By Kory Glover
Summer is a special time for the average moviegoer. Just before award season and right after those awkward “dump months” when studios dump out films they have zero faith in, summer is a time for one thing, fun!
It’s a time for the Avengers to soar through the theatres, explosions aplenty from a jungle movie starring The Rock and downright incredible fight choreography that makes Bruce Lee blush. Summer blockbusters are a true gem to the film industry… so it’s a damn shame that we end Summer 2021 with this dull, uninspired romp.
You’d think with a cast like Maggie Q, Samuel L. Jackson and Michael Keaton directed by Martin Campbell (Casino Royale and The Mask of Zorro), they would stumble upon a sweet action flick by accident. Unfortunately, The Protégéproves that even this cast can’t cover up this borefest.
The film follows Anna Dutton (Maggie Q), raised from childhood by Moody Dutton (Samuel L. Jackson) to be a world-class assassin. However, when someone makes it personal, she vows to take her revenge, no matter who gets in her way. Along the way, she meets Michael Rembrandt (Michael Keaton), a mysterious man with a flirty nature who may or may not be more than he appears.
Again, that premise has a lot of promise for a fun action movie. Unfortunately, nothing really interesting happens. While some of the action is pretty fun and engaging, there really isn’t much during the nearly two-hour runtime. You know what there is a lot of? Talking… so much talking.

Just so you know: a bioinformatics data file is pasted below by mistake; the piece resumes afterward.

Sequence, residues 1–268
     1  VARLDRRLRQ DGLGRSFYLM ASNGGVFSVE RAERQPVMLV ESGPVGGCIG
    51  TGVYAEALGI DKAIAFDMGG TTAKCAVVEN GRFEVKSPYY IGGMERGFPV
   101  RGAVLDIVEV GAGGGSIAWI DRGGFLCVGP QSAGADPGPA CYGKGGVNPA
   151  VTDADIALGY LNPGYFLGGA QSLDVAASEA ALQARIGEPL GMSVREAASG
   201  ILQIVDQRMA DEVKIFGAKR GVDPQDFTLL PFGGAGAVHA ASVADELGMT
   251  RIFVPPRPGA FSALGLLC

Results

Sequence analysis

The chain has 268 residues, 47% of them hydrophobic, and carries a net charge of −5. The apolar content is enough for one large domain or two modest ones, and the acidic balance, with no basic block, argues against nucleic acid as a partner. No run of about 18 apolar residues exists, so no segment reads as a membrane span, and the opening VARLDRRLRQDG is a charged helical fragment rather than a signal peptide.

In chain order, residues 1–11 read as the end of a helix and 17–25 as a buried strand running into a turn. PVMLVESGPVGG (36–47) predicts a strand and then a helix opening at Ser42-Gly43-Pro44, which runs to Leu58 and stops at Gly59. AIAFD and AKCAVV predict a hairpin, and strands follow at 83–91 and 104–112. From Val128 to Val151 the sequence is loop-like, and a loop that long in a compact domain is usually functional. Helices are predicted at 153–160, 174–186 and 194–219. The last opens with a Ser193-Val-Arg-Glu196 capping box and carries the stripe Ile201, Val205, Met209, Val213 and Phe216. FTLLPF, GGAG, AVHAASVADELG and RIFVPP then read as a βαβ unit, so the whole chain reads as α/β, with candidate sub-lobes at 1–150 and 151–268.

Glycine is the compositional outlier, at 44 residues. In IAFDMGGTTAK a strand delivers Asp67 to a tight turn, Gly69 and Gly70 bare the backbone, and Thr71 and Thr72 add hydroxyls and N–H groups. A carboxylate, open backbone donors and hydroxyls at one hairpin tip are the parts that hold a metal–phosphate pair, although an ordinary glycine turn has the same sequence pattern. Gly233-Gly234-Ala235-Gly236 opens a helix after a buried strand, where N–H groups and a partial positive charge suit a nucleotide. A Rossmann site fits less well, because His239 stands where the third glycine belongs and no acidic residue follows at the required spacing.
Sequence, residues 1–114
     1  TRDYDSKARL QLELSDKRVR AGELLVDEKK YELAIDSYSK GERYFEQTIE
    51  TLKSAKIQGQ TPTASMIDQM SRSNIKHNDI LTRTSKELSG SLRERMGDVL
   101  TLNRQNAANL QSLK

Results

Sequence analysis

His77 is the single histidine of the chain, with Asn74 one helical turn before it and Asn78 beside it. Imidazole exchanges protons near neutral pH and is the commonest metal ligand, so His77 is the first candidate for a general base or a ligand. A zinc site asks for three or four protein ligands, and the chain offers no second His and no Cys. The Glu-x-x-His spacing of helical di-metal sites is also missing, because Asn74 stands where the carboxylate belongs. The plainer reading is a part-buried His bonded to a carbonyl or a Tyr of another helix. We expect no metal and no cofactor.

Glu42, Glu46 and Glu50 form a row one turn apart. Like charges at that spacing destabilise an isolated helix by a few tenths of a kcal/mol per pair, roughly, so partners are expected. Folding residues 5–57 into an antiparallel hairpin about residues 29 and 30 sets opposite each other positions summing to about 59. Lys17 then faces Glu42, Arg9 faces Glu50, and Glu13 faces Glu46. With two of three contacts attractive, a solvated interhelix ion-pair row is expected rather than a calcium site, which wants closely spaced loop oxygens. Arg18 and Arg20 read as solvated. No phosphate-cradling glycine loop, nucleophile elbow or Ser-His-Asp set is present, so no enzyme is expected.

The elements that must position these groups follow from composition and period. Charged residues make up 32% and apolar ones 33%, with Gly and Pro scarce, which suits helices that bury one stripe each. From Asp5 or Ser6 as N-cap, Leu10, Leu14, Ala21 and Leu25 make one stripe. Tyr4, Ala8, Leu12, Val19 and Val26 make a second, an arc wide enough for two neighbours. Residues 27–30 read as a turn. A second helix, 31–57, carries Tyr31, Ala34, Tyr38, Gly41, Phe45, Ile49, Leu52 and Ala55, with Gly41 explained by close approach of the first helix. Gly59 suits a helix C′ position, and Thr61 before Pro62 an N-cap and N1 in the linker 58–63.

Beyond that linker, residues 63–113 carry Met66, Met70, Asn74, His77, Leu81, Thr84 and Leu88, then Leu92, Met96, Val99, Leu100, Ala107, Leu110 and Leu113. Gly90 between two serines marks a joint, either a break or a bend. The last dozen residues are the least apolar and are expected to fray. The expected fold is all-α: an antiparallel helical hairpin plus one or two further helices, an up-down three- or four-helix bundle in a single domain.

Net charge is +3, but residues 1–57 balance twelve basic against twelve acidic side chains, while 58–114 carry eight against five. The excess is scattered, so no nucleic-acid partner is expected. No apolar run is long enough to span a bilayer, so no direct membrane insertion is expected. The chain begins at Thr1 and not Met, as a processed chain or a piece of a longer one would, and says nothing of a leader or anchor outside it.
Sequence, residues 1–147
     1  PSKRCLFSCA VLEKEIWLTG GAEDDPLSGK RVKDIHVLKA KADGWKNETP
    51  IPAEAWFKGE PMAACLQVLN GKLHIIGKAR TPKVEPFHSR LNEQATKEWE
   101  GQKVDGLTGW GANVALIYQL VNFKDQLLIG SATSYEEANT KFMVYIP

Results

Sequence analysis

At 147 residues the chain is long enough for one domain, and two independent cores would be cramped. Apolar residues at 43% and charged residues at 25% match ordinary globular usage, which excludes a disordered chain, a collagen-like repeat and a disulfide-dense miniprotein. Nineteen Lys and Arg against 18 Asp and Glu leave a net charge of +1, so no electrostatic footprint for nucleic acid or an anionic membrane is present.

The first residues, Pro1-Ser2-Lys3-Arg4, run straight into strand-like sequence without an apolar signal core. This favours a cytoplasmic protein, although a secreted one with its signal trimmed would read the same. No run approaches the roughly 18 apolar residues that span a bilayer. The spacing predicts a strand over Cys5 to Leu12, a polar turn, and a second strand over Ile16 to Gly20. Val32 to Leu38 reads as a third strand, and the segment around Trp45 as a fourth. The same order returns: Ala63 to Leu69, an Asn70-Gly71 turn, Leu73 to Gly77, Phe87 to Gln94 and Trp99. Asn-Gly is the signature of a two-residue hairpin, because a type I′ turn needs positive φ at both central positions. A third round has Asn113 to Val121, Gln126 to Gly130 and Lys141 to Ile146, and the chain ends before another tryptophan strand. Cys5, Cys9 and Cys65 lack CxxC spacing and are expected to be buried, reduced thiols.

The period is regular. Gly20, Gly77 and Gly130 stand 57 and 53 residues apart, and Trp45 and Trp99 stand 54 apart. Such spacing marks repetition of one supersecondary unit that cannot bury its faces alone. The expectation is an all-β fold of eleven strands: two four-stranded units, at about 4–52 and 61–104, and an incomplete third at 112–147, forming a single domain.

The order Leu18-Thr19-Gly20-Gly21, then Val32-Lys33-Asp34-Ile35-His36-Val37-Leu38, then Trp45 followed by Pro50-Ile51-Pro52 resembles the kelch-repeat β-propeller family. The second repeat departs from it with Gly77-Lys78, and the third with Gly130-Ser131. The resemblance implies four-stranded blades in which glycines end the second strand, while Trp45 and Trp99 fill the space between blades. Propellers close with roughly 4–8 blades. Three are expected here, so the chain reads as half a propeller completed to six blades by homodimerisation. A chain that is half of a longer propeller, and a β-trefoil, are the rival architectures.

This is a shame because Maggie Q has proven herself to be a force to reckoned with, from her action series Nakita to films like Live Free or Die Hard and Balls of Fury. Unfortunately, she’s never been a staple in the genre like other big names, and movies like this really don’t showcase her talent.
Even Samuel L. Jackson as the assassin who raised her, has very little to do in the film. The only one in the cast who manages to go above and beyond is Michael Keaton.
While his character isn’t really anything that interesting, Keaton’s charisma was more than enough to keep an audience engaged throughout his scenes. Also, for a man who recently turned 70 years of age, he can really hold down a fun fight scene.
There’s a scene where he’s ambushed by a gang of baddies and, while there are obviously no flips or anything too showy, it was still impressive for Keaton to keep up with people half his age. In all honesty, it was probably my favourite part of the whole picture.
Unfortunately, that’s really all the positivity I can muster for this film, and that’s a real shame. This should’ve been, at the very least, a movie so dumb that it’s fun. But, I’m afraid that The Protégé is doomed to obscurity.